A CANCER survivor is celebrating completing university and starting a new job by showing her support for Cancer Research UK’s ‘Right Now’ campaign.

As a 13-year-old Lilli Broadbent feared she would need to have her leg amputated as part of her treatment for bone cancer but the surgeon was able to save her leg and her life.

Now aged 23, she has just completed a degree with a 2:1 in Educational Studies at York St. John University and is looking forward to working at Durham Cathedral.

The teenager's parents became concerned when he knee was swollen, something she just put it down to an injury from Tae Kwon Do, but when the pain didn’t go away and she started to lose a lot of weight they took her to the GP.

She was immediately referred to the Royal Victoria Infirmary in Newcastle for an x-ray, which revealed a tumour on her knee.

A biopsy at the Freeman Hospital then confirmed Lilli and her parents’ fears, that she had cancer and worse still that she may lose her leg because of the tumour.

The next day Lilli started chemotherapy, a gruelling 11 weeks of treatment that made her so poorly she lost so much weight she didn’t recognise herself. After several months of treatment she was given the all clear.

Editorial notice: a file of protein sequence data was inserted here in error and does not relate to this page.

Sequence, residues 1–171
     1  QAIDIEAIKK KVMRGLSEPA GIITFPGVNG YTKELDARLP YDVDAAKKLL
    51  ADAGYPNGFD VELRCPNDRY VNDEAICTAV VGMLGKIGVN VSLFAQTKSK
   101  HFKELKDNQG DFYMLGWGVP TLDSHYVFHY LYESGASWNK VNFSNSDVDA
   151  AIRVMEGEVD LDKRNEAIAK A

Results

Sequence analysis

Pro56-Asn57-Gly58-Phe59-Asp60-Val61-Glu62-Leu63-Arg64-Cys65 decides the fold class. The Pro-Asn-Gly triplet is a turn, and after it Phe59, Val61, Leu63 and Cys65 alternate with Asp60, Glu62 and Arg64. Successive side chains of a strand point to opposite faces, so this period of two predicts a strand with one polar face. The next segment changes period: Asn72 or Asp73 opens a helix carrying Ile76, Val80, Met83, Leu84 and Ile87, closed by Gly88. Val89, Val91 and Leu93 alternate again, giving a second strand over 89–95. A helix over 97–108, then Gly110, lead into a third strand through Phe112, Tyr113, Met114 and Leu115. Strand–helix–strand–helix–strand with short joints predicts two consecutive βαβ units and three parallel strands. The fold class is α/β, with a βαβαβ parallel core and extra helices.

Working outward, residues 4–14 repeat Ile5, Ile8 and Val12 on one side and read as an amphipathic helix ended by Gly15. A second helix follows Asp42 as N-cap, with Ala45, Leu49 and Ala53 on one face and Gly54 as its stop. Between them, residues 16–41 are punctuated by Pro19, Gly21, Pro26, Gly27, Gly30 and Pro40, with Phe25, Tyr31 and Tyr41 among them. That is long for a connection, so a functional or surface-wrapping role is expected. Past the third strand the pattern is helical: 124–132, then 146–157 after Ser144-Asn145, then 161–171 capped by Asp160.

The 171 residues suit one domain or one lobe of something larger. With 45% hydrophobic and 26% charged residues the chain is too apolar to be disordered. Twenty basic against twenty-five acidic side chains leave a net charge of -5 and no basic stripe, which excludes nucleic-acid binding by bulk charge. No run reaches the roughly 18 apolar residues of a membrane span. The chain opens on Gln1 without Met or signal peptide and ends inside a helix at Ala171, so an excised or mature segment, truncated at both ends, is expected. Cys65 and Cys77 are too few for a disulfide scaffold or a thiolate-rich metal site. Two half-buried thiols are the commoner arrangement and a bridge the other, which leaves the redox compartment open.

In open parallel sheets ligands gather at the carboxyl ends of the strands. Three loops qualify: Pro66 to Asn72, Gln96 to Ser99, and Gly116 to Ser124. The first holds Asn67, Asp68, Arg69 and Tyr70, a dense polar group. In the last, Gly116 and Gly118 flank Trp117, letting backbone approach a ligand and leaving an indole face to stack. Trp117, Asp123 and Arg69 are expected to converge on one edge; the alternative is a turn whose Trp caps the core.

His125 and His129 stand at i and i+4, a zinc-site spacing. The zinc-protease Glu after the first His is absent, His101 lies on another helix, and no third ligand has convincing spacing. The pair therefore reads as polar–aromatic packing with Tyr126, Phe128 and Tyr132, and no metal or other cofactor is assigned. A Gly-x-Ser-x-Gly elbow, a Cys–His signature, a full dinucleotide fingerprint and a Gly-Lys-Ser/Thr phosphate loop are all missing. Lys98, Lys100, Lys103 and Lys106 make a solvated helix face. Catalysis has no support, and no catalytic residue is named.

She said: “When I went to my GP cancer wasn’t something that even crossed my mind so it was a massive shock to me and my family. It’s thanks to research and treatment I’m still here today and that my leg was saved. Sadly some of the friends that I met on the ward didn’t make it so I’m determined to make the most of my life for them and their families too.”

Part of living life to the full has included completing her degree which she will graduate from in November and starting a new job as a visitor desk assistant at Durham Cathedral.

She added: "I used to struggle with aches and pains in my leg, but I can feel it getting stronger every day since I started work.

“I’m incredibly lucky to have been given these opportunities thanks to research. Life had barely begun when I was diagnosed, but now 10 years have passed and I’ve just been told that after my next check-up in 2020 I can be fully discharged as a patient at the RVI."

And now her experience is driving her to back Cancer Research UK’s ‘Right Now’ campaign, which show real patients undergoing cancer treatment within the last few years, followed up by current home video showing how research has helped them get back to enjoying life with their loved ones.

Lisa Millett, Cancer Research UK spokesperson, said: “We are so grateful to Lilli for her continued support of Cancer Research UK. There are many moments which encapsulate a person’s cancer journey and our ‘Right Now’ campaign aims to show both the realities of the disease and the positive impact research and improved treatments can have on their lives."

For more details visit cruk.org